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At rabble.ca, we're not just creating content, we're building independent journalism. We work with new contributors and mentor young journalists. We asked some of our former interns how their work with rabble has contributed to their careers in journalism.

With a federal election approaching, rabble.ca is more important than ever. We write and report on material that goes unrecorded and unreported in the mainstream media. Offering training and mentorship for reporters is part of the important work that we do.

We're in the middle of our summer fundraiser, and since you're the people who support us, we thought you might want to hear from rabble writers themselves why it is that they continue to commit their time and energy to producing the wonderful content we feature on the site.

Join our #WIN2015 campaign today.

Here is what the reporters who've worked with us have to say about rabble.ca's influence on their work today.

1. Manitoba's Leif Larsen was part of the the rabble podcast network in 2012. He's now an associate producer with CBC Radio in Winnipeg. Here's what he told us about how rabble.ca helped his work in journalism.

How does the Editor-in-Chief of a student newspaper break into radio?

I feel so lucky to have stumbled upon the rabble podcast network internship. Meagan Perry introduced me to the tools and walked me through the process of taking a raw piece of tape and creating a podcast; complete with introductions, cross fades, theme and more. 

When my internship ended I had a portfolio to present, and a bank of skills I would never have otherwise had the opportunity to develop. That experience was critical to me landing an internship at CBC Radio in 2012. 

Today, as an associate producer with CBC Manitoba's current affairs unit, I use the fundamentals I honed at rabble on a daily basis. Every time I write a script, edit tape or listen for clips I am amazed by how well the internship prepared me for a career in radio.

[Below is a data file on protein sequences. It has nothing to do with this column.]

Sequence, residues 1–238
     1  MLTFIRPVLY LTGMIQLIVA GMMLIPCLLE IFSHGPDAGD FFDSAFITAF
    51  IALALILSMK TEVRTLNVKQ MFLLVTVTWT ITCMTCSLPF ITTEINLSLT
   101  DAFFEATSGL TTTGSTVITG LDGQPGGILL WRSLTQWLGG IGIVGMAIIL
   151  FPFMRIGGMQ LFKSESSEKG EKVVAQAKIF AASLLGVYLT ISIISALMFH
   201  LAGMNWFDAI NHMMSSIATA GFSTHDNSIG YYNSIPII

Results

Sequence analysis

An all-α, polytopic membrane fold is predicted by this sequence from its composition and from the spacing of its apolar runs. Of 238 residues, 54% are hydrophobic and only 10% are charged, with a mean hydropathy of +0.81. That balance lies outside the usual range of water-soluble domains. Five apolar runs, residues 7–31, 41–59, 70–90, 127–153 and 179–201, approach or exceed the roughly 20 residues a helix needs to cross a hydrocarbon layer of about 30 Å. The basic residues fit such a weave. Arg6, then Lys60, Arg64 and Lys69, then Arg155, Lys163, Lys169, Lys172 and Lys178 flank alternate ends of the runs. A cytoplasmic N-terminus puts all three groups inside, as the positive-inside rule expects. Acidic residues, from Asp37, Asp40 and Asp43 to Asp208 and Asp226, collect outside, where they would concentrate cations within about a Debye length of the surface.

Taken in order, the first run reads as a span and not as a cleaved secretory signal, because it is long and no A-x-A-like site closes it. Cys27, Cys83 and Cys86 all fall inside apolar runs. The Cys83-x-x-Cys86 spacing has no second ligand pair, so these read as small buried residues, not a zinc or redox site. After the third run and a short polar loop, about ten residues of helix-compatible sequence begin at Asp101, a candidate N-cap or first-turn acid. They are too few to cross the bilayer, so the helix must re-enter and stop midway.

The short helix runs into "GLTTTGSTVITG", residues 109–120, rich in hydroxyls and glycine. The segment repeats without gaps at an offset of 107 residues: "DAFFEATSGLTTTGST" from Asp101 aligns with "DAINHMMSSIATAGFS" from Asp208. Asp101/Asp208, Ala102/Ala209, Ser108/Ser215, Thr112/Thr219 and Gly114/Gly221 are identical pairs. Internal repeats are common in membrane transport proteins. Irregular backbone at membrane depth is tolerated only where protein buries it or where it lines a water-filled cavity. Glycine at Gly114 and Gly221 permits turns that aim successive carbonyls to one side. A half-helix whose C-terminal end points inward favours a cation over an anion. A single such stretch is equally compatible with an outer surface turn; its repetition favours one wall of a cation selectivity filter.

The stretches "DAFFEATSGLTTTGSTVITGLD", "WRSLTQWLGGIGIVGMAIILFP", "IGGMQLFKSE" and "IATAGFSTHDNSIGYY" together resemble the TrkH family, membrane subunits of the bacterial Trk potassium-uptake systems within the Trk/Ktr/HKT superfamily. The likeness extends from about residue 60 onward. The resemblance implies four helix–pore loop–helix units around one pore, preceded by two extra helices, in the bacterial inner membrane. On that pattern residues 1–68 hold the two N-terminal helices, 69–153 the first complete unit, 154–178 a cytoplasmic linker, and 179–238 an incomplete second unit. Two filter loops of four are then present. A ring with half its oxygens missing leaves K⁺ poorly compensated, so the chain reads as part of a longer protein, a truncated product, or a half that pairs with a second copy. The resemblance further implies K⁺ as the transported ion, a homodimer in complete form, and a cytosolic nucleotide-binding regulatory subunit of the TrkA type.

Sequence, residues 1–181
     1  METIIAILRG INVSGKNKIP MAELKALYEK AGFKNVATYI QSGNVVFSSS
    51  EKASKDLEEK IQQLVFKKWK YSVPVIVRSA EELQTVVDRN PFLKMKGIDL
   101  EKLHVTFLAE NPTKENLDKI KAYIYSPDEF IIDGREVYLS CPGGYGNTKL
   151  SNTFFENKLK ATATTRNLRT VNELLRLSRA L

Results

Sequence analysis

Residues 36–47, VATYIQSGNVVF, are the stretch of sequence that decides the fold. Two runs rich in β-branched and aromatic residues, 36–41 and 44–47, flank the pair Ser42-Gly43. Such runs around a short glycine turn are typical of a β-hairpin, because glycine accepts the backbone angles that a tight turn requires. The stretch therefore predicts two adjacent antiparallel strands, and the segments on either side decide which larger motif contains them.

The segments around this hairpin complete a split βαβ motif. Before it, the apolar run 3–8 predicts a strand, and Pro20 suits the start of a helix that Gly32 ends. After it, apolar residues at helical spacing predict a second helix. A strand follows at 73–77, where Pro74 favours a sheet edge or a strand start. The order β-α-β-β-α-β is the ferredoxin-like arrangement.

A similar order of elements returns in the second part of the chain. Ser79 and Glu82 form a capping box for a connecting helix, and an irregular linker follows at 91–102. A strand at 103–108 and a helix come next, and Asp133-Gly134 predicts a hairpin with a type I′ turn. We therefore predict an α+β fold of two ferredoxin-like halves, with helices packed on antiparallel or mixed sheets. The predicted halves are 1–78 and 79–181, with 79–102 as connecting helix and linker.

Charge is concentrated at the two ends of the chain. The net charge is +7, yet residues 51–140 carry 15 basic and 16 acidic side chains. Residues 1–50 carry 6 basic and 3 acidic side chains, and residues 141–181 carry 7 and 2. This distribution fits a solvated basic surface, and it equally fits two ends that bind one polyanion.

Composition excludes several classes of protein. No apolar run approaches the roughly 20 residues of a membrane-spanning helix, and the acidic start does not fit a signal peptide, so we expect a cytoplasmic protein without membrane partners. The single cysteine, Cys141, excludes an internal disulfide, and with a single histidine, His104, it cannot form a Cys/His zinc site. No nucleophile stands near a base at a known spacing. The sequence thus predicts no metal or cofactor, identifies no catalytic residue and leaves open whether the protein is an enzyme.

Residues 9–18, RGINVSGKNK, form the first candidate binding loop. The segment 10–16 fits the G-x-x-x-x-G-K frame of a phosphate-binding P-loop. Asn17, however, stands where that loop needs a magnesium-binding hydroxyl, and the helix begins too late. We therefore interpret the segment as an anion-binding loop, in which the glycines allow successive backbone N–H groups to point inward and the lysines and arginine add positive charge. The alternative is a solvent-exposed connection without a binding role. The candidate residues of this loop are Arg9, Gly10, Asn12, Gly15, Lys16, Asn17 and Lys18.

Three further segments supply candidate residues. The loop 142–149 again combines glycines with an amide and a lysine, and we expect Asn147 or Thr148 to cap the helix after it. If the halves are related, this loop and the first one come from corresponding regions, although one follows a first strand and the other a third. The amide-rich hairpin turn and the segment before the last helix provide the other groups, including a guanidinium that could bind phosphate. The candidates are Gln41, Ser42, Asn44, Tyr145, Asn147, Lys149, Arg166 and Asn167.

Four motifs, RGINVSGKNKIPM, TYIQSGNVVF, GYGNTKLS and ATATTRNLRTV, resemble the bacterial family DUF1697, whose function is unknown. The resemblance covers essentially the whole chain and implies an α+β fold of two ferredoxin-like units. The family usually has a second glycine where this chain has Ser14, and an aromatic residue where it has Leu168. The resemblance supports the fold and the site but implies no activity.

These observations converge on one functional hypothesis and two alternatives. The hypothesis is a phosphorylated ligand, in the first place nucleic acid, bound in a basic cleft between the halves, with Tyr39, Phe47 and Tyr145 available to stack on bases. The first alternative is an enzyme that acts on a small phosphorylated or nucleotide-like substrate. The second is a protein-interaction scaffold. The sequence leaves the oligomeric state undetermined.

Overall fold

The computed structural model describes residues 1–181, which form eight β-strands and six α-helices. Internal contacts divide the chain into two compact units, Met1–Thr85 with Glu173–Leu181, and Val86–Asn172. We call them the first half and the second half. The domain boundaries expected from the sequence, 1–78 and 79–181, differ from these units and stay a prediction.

rabble.ca turns out journalists with expertise reporting on progressive issues. If you believe in a balanced media diet, you have to agree that our work is important and needs to continue. You can chip in right now at rabble.ca/donate.

2. rabble.ca is the one of the few media outlets in Canada with a position dedicated to reporting on the labour beat. H.G. Watson, who worked with rabble.ca in 2013 and 2014, was the first reporter in Canada to address the issue of precarious work. Her work is even featured in a textbook, Industrial Relations. Here's what she had to say about her work at rabble.ca.

About a week after I started at rabble.ca, I found myself on the phone with then-Canadian Auto Workers National President Ken Lewenza.

It's not many jobs that would have you interviewing a top union leader as an introductory activity. But that's what it was like being rabble's labour beat reporter -- right from the get-go, I had the chance to interview labour leaders, both official and unofficial, from right across Canada. 

During the 10 months I worked for rabble, I gained invaluable experience as a reporter, which led me to the job I have today. And best of all -- I got paid for it. I was able to complete an internship and buy groceries.